Boeing’s Super-sized Business Jet Family Is Getting Larger
With Chinese customers having expressed a clear preference for larger private aircraft, it is little wonder that Boeing Business Jets has proved popular in greater China. Of the 10 BBJs sold so far, four are already in service–two with DeerJet in mainland China, one with MetroJet in Hong Kong and another with a private owner in Taiwan. Three more BBJs are now having their VIP interiors completed (one more for DeerJet, one for Beijing Airlines and another for a private owner), while three more are on order (yet another for DeerJet and a pair of the larger BBJ2 version for private owners).
The BBJ on display here at the ABACE show is one of the earliest models that Boeing produced, having been manufactured back in 1998. With plenty of space available inside the Boeing 737 airframe, the cabin features six sections: an office; a main lounge; a dining and conference area; a second lounge; a shower; and a lavatory. The aircraft is for sale and is being offered through brokers Freestream Aircraft.
Bigger Still: the 747-8
But Boeing now has something bigger to offer private fliers needing even more space: your very own Jumbo Jet. Earlier this month, it delivered the first example of its new 747-8that is to be fitted out with a VIP interior.
The aircraft was flown from Boeing’s factory at Everett, Washington, to Wichita, where the manufacturer’s Global Transport & Executive Systems division is fitting the Aeroloft kit developed by U.S. company Greenpoint Technologies. The Aeroloft is located aft of “the hump,” above the 747’s main deck. It will add another 393 square feet (37 sq m) of private space to the 4,786 square feet (445 sq m) available on the main deck and upper forward lounge.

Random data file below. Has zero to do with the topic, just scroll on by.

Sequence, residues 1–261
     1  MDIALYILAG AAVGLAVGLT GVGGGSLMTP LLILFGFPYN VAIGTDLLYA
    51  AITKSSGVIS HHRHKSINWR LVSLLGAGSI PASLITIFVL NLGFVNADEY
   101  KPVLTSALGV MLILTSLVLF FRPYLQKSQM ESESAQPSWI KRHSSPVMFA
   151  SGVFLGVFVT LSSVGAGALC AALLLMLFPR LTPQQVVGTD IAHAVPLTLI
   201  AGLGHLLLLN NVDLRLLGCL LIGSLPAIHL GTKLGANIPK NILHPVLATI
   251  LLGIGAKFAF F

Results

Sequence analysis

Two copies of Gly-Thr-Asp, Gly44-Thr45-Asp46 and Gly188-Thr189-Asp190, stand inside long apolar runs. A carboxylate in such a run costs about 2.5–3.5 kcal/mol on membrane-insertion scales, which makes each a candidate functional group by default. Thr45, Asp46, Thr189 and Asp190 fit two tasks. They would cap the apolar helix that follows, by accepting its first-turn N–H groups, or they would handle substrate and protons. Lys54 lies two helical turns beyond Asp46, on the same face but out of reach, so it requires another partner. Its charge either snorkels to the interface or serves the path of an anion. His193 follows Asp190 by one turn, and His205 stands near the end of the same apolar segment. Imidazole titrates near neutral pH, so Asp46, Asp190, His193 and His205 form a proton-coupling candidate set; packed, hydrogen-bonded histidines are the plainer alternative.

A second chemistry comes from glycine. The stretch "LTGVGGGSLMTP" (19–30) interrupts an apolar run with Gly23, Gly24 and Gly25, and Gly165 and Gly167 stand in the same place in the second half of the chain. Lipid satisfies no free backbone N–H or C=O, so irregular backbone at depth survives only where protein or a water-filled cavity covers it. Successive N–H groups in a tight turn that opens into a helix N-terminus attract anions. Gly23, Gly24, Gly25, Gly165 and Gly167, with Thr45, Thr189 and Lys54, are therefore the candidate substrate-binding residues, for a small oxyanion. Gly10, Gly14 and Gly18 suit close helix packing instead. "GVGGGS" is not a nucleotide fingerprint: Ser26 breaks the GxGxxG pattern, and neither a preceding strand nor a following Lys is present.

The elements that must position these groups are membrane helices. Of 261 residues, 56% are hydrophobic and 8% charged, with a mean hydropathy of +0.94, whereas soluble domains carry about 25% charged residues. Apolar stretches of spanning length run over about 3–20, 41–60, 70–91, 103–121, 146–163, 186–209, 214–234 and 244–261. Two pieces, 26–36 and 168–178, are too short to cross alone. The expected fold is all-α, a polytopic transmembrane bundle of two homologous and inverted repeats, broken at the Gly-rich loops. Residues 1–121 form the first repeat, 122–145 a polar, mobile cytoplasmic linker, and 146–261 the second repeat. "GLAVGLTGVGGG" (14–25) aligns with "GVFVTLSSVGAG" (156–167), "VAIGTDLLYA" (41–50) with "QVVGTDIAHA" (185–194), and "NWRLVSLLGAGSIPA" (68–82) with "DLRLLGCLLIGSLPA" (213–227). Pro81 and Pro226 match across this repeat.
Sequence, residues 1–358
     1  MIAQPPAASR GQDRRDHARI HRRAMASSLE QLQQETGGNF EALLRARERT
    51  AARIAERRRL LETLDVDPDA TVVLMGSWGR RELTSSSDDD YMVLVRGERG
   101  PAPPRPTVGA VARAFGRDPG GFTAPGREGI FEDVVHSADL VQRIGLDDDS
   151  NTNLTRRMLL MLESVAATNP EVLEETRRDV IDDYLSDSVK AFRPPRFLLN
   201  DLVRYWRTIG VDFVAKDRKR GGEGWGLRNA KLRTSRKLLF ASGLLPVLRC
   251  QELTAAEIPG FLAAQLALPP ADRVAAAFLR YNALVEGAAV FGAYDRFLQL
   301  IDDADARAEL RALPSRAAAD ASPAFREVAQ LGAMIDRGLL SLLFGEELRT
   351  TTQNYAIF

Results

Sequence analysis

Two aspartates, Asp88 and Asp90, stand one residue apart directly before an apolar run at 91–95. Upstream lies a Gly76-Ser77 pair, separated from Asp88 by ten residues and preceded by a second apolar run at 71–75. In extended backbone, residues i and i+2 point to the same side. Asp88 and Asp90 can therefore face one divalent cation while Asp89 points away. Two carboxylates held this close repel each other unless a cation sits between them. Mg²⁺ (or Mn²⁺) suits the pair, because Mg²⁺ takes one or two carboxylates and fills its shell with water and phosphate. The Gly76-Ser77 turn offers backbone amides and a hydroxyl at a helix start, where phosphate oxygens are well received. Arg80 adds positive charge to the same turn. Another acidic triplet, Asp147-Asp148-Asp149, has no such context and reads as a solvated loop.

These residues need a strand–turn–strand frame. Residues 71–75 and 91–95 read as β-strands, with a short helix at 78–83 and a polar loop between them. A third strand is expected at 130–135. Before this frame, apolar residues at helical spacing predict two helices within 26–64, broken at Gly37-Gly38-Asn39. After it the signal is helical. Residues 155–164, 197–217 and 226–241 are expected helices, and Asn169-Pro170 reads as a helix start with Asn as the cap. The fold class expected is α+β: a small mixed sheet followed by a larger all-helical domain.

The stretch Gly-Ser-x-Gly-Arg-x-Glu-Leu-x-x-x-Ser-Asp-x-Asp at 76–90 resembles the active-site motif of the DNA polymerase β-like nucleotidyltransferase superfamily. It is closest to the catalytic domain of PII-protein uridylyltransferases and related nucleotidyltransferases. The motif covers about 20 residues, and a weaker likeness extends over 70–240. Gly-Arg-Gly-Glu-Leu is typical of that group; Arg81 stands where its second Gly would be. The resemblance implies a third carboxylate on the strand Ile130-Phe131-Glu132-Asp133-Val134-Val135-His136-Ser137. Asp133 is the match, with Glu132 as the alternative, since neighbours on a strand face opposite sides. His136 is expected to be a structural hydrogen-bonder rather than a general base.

From Wichita the airplane will be flown to Hamburg, Germany, for the larger cabin completion work to be done by Lufthansa Technik. While the interior will incorporate the latest technology, an elevator to transport passengers between the main deck and ground will not be among the amenities. But such elevators are available from Greenpoint Technologies in Kirkland, Washington, and L-3 Platform Integration of Waco, Texas.
In its final form, the new head-of-state 747-8 will be capable of carrying up to 100 passengers and will have a range of approximately 8,840 nmi (16,360 km). According to Boeing, the airplane provides double-digit improvements in fuel burn and emissions over the 747-400 and is 30 percent quieter.
The company also claims that with a normal cruise speed of Mach 0.86 (1,053 km/h), it is the fastest large commercial jet. Boeing also points out that the 747-8 can be accommodated by most of the world’s airports, and that the pilot type rating for the new airplane is the same as that for earlier 747s, and that it is supported by most of the same ground equipment.
A second 747-8 is nearing delivery, according to a Boeing spokesman. It is one of the original certification test aircraft and considerable work was required to remove the test equipment prior to delivery. Boeing Business Jets claims to have orders for a total of nine VIP 747-8s.Also offered by Boeing are VIP versions of its new 787 Dreamliner (see related story on page 00).
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